The Archive : Digital Art and an Unsustainable Future


Tallulah Harvey


This short story, “The Archive”, grew out of the eco-critical research I underwent during my postgraduate degree at Goldsmiths, University of London. In recent years, literary studies have become increasingly invested in environmentalism. The damaging consequences of human endeavour are now widely regarded within environmentalist and scientific communities, and by environmental literary theory or “ecocriticism”, as a shift from the Holocene (the geological epoch that provided the appropriate conditions for mammals to thrive), to the “Anthropocene” (the epoch in which human activity has become the dominant driving force of climatic change). The ecological implications of the Anthropocene prompt questions regarding human enterprise and responsibility; fuelling dystopian or apocalyptic end of the world narratives and anxieties towards technology, capitalism and post-humanism. This short piece explores the current problems facing climate change activists, namely the inconsistencies between the scientific community’s attitude towards ecological degradation and popular culture’s. Slajov Zizek suggests that public denial and the disassociation from environmental disaster is not caused by a lack of scientific knowledge, but because we as individuals fail to corroborate what we already know about climate change with our sensory experience of the everyday: ‘We know it, but we cannot make ourselves believe in what we know’. The Archive questions this pervasive delusion, one that denies climate change even in the face of dwindling resources, increasing natural disaster and rising sea levels. We as a society consume natural resources excessively, without any regard for the consequences.  My work draws attention to the suicidal nature of this desire, and encourages its readers to take responsibility for their actions, for the sake of humanity’s survival.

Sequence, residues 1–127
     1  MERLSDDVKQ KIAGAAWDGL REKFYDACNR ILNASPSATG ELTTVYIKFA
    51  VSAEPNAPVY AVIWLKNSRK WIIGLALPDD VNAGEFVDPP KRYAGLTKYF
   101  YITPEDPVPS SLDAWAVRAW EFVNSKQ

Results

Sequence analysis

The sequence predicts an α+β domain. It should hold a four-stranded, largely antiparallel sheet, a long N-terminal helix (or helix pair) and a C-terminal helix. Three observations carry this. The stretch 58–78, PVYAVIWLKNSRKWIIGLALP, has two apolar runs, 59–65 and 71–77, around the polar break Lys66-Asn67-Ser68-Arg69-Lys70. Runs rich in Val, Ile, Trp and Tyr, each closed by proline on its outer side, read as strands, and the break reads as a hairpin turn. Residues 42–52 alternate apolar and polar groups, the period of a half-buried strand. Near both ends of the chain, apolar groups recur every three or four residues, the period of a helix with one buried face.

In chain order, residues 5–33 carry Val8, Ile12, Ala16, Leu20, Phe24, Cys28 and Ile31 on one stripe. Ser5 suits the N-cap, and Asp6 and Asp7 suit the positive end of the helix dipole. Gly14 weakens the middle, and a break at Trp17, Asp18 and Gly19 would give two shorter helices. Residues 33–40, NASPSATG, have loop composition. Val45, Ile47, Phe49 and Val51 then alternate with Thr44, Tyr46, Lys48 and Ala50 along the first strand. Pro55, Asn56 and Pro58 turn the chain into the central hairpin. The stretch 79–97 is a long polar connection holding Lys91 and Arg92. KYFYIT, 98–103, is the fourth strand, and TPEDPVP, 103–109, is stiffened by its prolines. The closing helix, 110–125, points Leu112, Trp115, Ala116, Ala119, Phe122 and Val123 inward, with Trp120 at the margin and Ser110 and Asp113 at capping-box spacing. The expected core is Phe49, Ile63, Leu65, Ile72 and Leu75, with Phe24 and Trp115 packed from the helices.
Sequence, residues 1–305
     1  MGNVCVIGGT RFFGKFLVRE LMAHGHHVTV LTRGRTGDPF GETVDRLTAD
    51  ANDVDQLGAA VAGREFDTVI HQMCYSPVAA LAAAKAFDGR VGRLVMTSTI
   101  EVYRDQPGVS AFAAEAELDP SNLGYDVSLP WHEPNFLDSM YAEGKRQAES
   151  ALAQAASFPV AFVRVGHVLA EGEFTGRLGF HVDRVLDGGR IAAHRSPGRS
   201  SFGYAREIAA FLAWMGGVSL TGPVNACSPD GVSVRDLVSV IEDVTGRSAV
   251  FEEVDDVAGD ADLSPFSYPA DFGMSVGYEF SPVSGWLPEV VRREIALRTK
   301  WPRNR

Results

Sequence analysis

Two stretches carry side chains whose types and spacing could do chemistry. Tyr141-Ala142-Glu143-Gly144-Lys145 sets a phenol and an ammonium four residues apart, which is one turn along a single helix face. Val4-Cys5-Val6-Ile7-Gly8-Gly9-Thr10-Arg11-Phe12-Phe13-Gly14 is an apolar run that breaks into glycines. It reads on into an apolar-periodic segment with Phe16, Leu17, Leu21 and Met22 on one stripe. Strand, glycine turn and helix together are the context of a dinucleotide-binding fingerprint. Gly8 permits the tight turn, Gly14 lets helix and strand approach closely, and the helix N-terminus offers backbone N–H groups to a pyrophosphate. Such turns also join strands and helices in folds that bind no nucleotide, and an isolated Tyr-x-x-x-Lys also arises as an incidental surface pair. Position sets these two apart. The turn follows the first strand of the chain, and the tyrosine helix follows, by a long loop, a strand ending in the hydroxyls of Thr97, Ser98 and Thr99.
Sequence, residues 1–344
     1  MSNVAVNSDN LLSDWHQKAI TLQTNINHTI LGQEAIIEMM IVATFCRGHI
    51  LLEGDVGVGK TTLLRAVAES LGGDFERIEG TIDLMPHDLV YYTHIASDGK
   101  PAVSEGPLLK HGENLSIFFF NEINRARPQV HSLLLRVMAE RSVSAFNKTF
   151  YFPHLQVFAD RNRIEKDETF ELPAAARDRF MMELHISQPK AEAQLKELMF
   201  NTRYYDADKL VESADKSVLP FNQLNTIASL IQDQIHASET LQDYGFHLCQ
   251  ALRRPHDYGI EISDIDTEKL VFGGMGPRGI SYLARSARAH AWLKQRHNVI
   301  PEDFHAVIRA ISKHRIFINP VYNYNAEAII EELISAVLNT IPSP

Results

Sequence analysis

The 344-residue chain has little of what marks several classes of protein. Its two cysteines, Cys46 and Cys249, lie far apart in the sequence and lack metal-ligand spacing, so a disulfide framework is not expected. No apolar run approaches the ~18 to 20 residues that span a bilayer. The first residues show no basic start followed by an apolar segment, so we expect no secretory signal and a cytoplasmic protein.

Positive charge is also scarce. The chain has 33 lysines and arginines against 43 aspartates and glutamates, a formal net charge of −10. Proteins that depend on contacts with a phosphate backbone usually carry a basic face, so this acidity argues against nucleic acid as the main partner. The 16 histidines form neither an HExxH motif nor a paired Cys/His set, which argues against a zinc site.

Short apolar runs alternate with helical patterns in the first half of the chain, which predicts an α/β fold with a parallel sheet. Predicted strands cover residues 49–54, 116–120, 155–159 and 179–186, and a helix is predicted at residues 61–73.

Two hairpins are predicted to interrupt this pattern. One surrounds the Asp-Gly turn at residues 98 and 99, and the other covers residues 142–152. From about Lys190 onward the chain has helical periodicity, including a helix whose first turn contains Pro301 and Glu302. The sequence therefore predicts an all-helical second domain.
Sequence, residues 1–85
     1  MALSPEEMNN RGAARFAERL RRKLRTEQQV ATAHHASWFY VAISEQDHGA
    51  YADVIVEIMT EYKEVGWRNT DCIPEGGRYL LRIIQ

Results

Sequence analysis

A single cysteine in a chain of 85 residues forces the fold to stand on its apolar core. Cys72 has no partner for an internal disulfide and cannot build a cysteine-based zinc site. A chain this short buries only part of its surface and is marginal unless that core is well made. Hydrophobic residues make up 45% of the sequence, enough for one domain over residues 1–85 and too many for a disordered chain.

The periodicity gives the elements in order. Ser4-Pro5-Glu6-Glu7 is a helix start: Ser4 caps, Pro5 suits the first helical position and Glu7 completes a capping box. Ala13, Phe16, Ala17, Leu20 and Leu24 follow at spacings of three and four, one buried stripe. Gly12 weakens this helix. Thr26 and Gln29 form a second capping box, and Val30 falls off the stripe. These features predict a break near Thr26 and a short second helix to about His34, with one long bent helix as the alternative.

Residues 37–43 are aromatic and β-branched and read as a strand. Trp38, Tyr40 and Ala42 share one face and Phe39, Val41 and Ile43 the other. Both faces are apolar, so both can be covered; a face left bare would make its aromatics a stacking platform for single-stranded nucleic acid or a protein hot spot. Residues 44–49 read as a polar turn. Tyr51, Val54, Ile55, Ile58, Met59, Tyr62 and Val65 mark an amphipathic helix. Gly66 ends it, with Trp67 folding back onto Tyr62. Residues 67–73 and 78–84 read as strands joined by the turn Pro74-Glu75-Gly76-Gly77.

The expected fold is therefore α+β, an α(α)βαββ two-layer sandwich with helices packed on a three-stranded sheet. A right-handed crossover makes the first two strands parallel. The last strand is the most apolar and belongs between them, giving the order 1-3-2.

Author Biography

Tallulah Harvey, Goldsmiths, University of London University of York

Tallulah Harvey is a South-East London poet, writer and filmmaker interested in feminist Sci-fi and queer fiction. She graduated from her BA in English and Related Literature in 2014 from the University of York, and completed her MA in Comparative Literature and Ecocriticism at Goldsmiths, Univeristy of London in 2016. She is a guest lecturer at Goldsmiths, where she recently gave a paper on "Female Desire in Postmodernist Literature" at a symposium marking 40 years since the publication of Laura Mulvey's "Visual Pleasures". She is also presenting a paper on "Science Fiction and Eco-criticism" at EndGames, a conference taking place in June. She recently participated in the 48 Hour Science Fiction challenge and is currently working on a short film dealing with mental health in the LGBTQ community.   


  1. Klein, Naomi, This Changes Everything (New York: Simon & Schuster, 2014)
  2. Meeker, Joseph W., The Comedy of Survival: Literary Ecology and a Play Ethic (Arizona: University of Arizona Press, 1997)